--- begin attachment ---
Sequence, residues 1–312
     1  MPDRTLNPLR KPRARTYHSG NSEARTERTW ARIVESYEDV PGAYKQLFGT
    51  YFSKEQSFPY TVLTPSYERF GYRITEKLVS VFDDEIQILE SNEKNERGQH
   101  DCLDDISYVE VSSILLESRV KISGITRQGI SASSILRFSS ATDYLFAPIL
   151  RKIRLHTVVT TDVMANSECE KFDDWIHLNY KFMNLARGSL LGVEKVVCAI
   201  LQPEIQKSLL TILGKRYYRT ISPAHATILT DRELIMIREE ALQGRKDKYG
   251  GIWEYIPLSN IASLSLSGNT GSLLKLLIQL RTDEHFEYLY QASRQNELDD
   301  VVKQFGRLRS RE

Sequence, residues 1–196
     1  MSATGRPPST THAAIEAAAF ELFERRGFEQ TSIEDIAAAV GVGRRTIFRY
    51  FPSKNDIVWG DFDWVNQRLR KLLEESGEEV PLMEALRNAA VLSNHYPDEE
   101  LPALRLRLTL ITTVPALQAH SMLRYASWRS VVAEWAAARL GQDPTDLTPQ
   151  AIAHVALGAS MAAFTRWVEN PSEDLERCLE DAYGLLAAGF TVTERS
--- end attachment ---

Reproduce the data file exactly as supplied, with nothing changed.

Sequence, residues 1–312
     1  MPDRTLNPLR KPRARTYHSG NSEARTERTW ARIVESYEDV PGAYKQLFGT
    51  YFSKEQSFPY TVLTPSYERF GYRITEKLVS VFDDEIQILE SNEKNERGQH
   101  DCLDDISYVE VSSILLESRV KISGITRQGI SASSILRFSS ATDYLFAPIL
   151  RKIRLHTVVT TDVMANSECE KFDDWIHLNY KFMNLARGSL LGVEKVVCAI
   201  LQPEIQKSLL TILGKRYYRT ISPAHATILT DRELIMIREE ALQGRKDKYG
   251  GIWEYIPLSN IASLSLSGNT GSLLKLLIQL RTDEHFEYLY QASRQNELDD
   301  VVKQFGRLRS RE

Sequence, residues 1–196
     1  MSATGRPPST THAAIEAAAF ELFERRGFEQ TSIEDIAAAV GVGRRTIFRY
    51  FPSKNDIVWG DFDWVNQRLR KLLEESGEEV PLMEALRNAA VLSNHYPDEE
   101  LPALRLRLTL ITTVPALQAH SMLRYASWRS VVAEWAAARL GQDPTDLTPQ
   151  AIAHVALGAS MAAFTRWVEN PSEDLERCLE DAYGLLAAGF TVTERS